Lynn Terwoerds, executive director of the EWF said that companies who under-represent and under-use female talent were facing both a critical business issue.

They were also hindering the development of world class cybersecurity organizations and resilient companies, as well as the nation’s safety and protection.

Women who feel valued in their position are in organisations which provide training and leadership development resources.

Robot kills fellow worker

In what could be a first, a robot is being sued for killing a human colleague.

In July 2015, Wanda Holbrook, “a maintenance technician performing routine duties on an assembly line” at an auto-parts maker in Ionia, Michigan, called Ventra Ionia Main, “was ‘trapped by robotic machinery’ and crushed to death”.

On March 7, her husband, William Holbrook, filed a wrongful death complaint in Michigan federal court, naming five North American robotics companies involved in engineering and integrating the machines and parts used at the plant. These included Prodomax, Flex-N-Gate, FANUC, Nachi, and Lincoln Electric.

Holbrook’s job involved keeping robots in working order. She routinely inspected and adjusted processes on the assembly line at Ventra, which makes bumpers.

Holbrook was performing her regular duties when a machine acted very irregularly, according to the lawsuit reported in Courthouse News.

Holbrook was in the plant’s six-cell “100 section” when a robot unexpectedly activated, taking her by surprise. The cells are separated by safety doors and the robot should not have been able to move. But it somehow reached Holbrook, and was intent on loading a trailer-hitch assembly part right where she stood over a similar part in another cell.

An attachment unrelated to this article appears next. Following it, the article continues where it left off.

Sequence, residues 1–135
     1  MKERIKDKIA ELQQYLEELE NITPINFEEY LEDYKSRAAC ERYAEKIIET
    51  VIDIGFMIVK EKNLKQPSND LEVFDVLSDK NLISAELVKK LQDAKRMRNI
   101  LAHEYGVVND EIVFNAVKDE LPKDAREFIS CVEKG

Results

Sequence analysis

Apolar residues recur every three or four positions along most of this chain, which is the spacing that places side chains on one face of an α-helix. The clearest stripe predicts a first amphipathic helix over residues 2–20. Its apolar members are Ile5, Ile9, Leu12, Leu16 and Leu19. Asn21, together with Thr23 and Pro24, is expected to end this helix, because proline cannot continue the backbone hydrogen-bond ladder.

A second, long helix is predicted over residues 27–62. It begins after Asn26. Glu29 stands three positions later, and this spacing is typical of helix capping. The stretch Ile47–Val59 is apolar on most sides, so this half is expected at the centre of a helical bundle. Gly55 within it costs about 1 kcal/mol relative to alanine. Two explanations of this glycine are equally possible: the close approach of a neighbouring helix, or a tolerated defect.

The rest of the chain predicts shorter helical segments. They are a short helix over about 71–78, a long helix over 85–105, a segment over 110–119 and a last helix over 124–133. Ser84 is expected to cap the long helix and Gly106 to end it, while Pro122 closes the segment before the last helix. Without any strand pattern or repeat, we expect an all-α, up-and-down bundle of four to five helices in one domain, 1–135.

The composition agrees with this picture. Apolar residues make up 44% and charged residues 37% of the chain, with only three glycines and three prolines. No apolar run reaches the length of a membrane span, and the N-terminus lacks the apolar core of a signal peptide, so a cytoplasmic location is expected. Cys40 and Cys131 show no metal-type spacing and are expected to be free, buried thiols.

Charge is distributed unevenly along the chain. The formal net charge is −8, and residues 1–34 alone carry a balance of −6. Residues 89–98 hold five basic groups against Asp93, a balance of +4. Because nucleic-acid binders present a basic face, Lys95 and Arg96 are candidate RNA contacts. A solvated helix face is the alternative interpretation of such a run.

The machine loaded the hardware onto Holbrook’s head. She was unable to escape, and her skull was crushed. Co-workers who eventually noticed that something seemed amiss found Holbrook dead.

William Holbrook seeks an unspecified amount of damages, arguing that before her gruesome death, his wife “suffered tremendous fright, shock and conscious pain and suffering”.

He also names three of the defendants — FANUC, Nachi, and Lincoln Electric — in two additional claims of product liability and breach of implied warranty.

The case argues that the robots, tools, controllers, and associated parts were not properly designed, manufactured or tested, and not fit for use.

“The robot from section 130 should have never entered section 140, and should have never attempted to load a hitch assembly within a fixture that was already loaded with a hitch assembly. A failure of one or more of defendants’ safety systems or devices had taken place, causing Wanda’s death,” the lawsuit alleges.

SAP releases patches

The software maker which makes esoteric expensive business programmes which no one is really sure what they do, has patched vulnerabilities in its latest HANA software.

The holes had a high risk of giving hackers control over databases and business applications used to run big multinational firms.

Vulnerabilities in big business software are more lucrative to attackers as these tools store data and run transactions. The flaws were “zero day” vulnerabilities and were the most critical ever found in HANA.  For those who came in late, HANA runs SAP’s latest database, cloud and other more traditional business apps.

The holes were spotted by the insecurity outfit Onapsis which said that the vulnerabilities lay in a HANA component known as “User Self Service” (USS) which would allow malicious insiders or remote attackers to fully compromise vulnerable systems, without so much as valid usernames and passwords.

It reported 10 HANA vulnerabilities to SAP less than 60 days ago, which the German software maker fixed in near-record time.

The resulting patch issued by SAP on Tuesday was rated by it as 9.8 on a scale of 10, “very high” in terms of relative risk to its customers. SAP is releasing five HANA patches this week to fix a range of vulnerabilities uncovered in recent months.

Onapsis Chief Executive Mariano Nunez praised SAP for doing such a great job by releasing fixes much faster than in past situations.